And Vitas Gerulaitis said, "If Nastase wins this tournament against these crowds, it will be the most monumental accomplishment in tennis."
A more serious problem was that the Nastase syndrome was spreading like brushfire through the tournament. From the moment Nastase and Pohmann walked off the court, the U.S. Open started falling apart. Crowds grew loud and ill-tempered. Umpires and linesmen were either intimidated or power-hungry. Players admitted to paranoia over line calls and rules. Everywhere one looked, there was trouble.
Vitas Gerulaitis called an umpire a "dummy" in the midst of his defeat by Connors, and was reprimanded. Kodes held up a match with Frew McMillan for a full five minutes to protest a line call, and later blamed his defeat by Connors on a bad call.
Among the women, Kerry Reid was defaulted by an official after only 20 seconds of nursing a sore ankle. Even such stalwart sportsmen as Guillermo Vilas and Borg were seen traipsing all the way around the net and deep into their opponent's territory to point out a ball mark to a line judge, a rare action indeed.
"It's the influence of team tennis," said Gerulaitis. "The crowd yells, groans, boos, participates. The lines people are shellshocked by the Nastase thing. They're too nervous to be forceful. The players have to protect themselves."
Charles Hare, the tournament referee who admitted he erred in not taking quicker action against Nastase, spent the remainder of the week watching Nastase's matches from the window of a small green shack in the northeast corner of the stadium. "This is not the jungle," he said. "I'm not going to be the guy to let the players take control. There will be no anarchy here, no riots."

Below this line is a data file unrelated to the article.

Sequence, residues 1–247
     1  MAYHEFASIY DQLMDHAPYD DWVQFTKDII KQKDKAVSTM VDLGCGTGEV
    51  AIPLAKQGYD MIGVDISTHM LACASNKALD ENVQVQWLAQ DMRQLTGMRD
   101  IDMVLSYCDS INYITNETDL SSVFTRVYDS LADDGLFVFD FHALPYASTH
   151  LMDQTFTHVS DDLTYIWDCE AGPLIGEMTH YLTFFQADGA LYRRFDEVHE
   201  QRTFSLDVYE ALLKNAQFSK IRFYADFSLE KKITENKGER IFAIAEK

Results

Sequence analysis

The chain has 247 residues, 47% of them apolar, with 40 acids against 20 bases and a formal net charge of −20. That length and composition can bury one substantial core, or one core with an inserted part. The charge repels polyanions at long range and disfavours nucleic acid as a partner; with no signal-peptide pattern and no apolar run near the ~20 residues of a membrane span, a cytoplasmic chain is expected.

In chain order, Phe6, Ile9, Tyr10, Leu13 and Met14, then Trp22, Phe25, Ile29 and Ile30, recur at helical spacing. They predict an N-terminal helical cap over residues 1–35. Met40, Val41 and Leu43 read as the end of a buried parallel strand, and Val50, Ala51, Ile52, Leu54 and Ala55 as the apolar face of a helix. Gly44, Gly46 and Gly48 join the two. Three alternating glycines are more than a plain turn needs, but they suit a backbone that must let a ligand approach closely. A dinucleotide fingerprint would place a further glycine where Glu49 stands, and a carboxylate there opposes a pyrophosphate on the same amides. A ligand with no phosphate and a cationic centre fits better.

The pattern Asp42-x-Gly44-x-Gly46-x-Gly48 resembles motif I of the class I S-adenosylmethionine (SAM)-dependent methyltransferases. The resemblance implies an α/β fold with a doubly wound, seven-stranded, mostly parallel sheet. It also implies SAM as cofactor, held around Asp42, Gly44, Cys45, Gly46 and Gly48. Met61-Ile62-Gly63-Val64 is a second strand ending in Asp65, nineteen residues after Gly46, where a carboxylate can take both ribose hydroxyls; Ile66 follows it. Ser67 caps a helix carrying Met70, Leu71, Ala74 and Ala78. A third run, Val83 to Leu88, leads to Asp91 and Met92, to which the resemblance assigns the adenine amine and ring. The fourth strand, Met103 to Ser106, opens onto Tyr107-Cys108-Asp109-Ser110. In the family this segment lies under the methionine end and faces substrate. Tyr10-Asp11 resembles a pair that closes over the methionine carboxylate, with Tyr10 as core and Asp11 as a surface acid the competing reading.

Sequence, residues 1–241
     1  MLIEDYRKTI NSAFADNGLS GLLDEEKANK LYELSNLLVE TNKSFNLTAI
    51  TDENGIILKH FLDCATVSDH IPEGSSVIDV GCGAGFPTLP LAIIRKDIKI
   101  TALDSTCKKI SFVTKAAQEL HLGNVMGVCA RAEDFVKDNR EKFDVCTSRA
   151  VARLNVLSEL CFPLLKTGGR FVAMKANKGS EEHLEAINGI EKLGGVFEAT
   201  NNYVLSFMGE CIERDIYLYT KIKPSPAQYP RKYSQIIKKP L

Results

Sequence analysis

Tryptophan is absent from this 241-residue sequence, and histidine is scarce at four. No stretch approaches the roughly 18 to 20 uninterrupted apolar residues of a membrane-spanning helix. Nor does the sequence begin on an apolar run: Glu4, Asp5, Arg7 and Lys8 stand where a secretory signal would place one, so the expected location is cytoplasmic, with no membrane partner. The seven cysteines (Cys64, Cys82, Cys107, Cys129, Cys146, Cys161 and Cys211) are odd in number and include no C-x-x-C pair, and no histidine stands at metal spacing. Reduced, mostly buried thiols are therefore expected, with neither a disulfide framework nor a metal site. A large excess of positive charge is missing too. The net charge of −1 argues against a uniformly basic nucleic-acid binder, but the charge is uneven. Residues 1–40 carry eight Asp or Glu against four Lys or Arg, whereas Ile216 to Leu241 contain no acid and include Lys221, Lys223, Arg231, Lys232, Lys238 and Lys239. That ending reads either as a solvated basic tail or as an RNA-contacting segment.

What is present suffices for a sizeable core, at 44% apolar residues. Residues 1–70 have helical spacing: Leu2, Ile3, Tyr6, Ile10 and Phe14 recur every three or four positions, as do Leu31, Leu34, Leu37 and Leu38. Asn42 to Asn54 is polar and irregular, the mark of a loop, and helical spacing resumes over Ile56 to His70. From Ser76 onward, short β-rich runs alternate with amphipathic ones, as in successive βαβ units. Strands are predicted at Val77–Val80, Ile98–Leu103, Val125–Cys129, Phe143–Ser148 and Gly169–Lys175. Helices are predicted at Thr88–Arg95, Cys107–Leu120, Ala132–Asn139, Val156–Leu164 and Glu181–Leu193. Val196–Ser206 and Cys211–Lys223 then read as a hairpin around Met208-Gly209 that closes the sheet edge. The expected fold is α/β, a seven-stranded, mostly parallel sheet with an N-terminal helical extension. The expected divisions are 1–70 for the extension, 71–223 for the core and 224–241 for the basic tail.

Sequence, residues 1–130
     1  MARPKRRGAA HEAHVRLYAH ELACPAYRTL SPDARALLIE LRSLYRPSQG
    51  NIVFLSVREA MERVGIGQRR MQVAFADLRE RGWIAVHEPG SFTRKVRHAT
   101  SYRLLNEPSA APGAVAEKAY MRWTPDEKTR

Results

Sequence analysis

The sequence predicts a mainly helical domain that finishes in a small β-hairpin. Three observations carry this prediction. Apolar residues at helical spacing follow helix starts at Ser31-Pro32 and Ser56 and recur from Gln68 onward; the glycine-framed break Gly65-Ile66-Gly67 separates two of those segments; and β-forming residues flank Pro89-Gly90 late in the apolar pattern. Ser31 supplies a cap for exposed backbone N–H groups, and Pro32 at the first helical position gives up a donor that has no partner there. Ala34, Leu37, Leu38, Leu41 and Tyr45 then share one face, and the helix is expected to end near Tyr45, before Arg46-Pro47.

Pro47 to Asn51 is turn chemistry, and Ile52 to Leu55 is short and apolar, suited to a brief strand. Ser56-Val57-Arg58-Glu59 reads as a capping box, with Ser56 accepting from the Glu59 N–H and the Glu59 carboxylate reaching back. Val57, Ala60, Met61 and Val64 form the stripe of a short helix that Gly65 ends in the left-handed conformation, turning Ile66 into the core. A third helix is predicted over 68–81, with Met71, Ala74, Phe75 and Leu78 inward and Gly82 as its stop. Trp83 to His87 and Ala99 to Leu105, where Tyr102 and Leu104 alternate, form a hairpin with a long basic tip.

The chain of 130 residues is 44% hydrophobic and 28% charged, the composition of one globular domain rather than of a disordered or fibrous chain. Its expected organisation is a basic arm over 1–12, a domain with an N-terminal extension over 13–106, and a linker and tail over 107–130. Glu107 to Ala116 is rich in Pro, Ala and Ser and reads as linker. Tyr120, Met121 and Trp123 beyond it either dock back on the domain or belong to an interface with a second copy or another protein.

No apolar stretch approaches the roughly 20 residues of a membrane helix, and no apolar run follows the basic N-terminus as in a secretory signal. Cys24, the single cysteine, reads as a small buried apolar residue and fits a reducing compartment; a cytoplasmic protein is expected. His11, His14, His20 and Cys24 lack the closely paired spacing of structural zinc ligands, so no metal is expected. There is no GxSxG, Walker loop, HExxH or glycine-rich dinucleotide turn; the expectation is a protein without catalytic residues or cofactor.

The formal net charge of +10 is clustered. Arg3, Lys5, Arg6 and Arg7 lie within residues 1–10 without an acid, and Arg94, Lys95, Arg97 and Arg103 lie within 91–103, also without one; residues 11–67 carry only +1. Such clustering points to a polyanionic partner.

It was indicative of the wackiness of the whole affair that events were put into perspective by, of all people, Connors. "We are professionals," he said. "The crowd must be allowed to participate." When asked exactly why Forest Hills patrons sounded like a Yankee Stadium mob reacting to Billy Martin kicking dirt on Nestor Chylak, Connors said simply, "New Yorkers want blood."
One curly-haired fellow New Yorkers also wanted was the defending champion, Manuel Orantes, who, since his memorable victory over Connors last September, had managed to lose a Vegas challenge match, damage his confidence, destroy his arm and get himself seeded sixth, possibly the lowest spot for a defender in history.
Nevertheless the Catalonian was as cheerful as ever, exposing his enormous thighs, flashing his equally enormous teeth and displaying the easy chips and spins that will keep him around soft-court events forever. It was suddenly last summer, too, when Orantes rallied from two sets behind to defeat Stan Smith, then came from 0-4 in the fourth to draw even with Borg in the quarterfinals.
Everybody remembered how Orantes beat Vilas in last year's semis from 0-5 and five match points down, but as Orantes pointed out, " Borg, he is different story. You look on his face for some emotion and there is nothing."